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The Skimmer on Marine Ecosystems and Management

Editor’s Note: For this article, we interviewed Ekaterina Popova, a global ocean modeller with the National Oceanography Centre in Southampton, United Kingdom, about her new article "Ecological connectivity between the areas beyond national jurisdiction and coastal waters: Safeguarding interests of coastal communities in developing countries" published in Marine Policy in June 2019. This research found that coastal regions of some least-developed countries (LDCs) are connected to areas beyond national jurisdiction (ABNJ) through larval dispersal and the potential dispersal of pollutants. These findings suggest that protecting ‘source’ areas in the ABNJ could help promote sustainable livelihoods for coastal regions that depend on larval supply from these regions (and could prevent pollutants from these source areas reaching coastal regions.) 

The Skimmer: Can you briefly describe some of the connections between source areas in the ABNJ and coastal regions?

Popova: Our study showed that connectivity between the ABNJ and coastal waters of different countries varies considerably. How tight the connectivity is, depends on the prevailing direction, timescale and variability of ocean currents. Sometimes, the shape of the adjacent Exclusive Economic Zones (EEZs) also has an effect. The complex ways these various factors interact means that close geographical proximity, or ‘adjacency’, of coastal waters to ABNJ is not always a good indicator of strong connectivity and some countries are much more exposed to the influence of ABNJ than others. The world’s most ABNJ-impacted LDC is the Federal Republic of Somalia. Its strong connectivity is shaped by three powerful currents: the South Equatorial current, the East African coastal current, and the seasonally reversing East Somali current. The most tightly ABNJ-connected stretch of the Somali coastline can be impacted by the upstream ABNJ waters on a time scale of just over a month. In contrast, the Republic of Senegal is one of the world’s least connected LDCs. Its most tightly ABNJ-connected coastline stretch is impacted by upstream ABNJ on a time scale of more than seven months.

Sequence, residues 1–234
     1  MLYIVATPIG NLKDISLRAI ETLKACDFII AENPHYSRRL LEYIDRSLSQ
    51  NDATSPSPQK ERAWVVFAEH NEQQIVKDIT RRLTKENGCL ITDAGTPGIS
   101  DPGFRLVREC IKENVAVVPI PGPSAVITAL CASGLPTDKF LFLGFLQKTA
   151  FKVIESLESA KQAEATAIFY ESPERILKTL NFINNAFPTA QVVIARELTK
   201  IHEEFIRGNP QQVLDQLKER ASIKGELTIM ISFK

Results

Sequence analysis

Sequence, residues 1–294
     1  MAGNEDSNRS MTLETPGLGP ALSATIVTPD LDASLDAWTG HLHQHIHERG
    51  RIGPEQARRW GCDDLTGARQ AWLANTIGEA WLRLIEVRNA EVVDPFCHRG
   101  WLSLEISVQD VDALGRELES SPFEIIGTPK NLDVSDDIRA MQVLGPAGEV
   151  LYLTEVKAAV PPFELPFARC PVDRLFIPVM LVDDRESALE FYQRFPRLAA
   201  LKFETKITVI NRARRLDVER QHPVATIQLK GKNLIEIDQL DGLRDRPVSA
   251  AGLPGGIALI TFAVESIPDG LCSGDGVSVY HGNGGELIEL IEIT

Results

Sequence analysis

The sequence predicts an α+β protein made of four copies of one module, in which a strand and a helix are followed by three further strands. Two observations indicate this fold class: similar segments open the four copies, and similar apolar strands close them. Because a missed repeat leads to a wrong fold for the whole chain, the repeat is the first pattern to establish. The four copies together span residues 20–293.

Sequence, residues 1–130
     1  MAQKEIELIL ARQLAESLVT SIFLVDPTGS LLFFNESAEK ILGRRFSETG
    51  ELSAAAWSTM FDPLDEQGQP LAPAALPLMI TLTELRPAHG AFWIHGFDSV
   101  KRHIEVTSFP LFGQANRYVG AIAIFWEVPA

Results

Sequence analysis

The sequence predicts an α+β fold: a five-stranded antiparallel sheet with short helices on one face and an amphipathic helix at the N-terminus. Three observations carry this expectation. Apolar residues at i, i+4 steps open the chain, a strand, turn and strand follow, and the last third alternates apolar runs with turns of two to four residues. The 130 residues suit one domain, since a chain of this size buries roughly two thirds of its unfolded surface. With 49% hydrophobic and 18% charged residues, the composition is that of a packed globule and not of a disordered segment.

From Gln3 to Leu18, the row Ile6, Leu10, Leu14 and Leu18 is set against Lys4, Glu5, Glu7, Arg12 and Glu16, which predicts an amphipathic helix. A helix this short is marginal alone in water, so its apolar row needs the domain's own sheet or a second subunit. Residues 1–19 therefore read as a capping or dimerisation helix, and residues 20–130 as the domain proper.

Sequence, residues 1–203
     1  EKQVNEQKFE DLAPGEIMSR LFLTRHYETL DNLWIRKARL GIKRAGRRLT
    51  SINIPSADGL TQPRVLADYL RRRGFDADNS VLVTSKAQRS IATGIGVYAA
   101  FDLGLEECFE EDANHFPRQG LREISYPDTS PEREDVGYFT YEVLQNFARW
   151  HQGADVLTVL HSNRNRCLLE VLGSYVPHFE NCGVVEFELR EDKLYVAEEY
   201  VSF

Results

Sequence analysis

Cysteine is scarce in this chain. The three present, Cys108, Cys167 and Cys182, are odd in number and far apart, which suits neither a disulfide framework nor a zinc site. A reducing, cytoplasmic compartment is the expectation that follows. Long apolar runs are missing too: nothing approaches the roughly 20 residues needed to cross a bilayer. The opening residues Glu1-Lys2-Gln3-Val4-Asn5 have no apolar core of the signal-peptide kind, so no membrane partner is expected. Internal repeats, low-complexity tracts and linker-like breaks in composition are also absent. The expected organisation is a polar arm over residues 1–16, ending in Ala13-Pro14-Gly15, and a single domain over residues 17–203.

The Skimmer on Marine Ecosystems and Management

Editor’s Note: From the Archives calls attention to past Skimmer/MEAM articles whose perspectives and insight remain relevant.

To some in conservation and resource management, marketing can seem like a bad word. But marketing is inherently about getting people to change their behavior, whether it is buying a product, recycling, or supporting a new approach to management. Marketing techniques bring together elements of psychology, sociology, economics, and graphic design. Learn from three experts how to use conservation marketing to make marine conservation and management processes more effective.

The Skimmer on Marine Ecosystems and Management

Editor’s note: The deluge of popular articles and reports on marine plastic continues, but here at The Skimmer, we became curious about one important area where we weren’t seeing as much information – how marine plastic pollution is affecting ocean users and the Blue Economy. We know that marine plastic is pretty much everywhere in the ocean and can have horrific effects on individual marine organisms – think whales and seabirds with bellies full of plastic – but that the research is just not there to fully assess the severity of marine ecosystem-level impacts.

But aside from the unpleasant views of trash-strewn beaches and coastal waters, how are people, cities, and countries affected? One important reason to dig into this area and have this information readily available is that money talks. If the harm to marine life doesn’t convince decision makers to make difficult changes to address marine plastic pollution, maybe understanding the economic and social impacts can.

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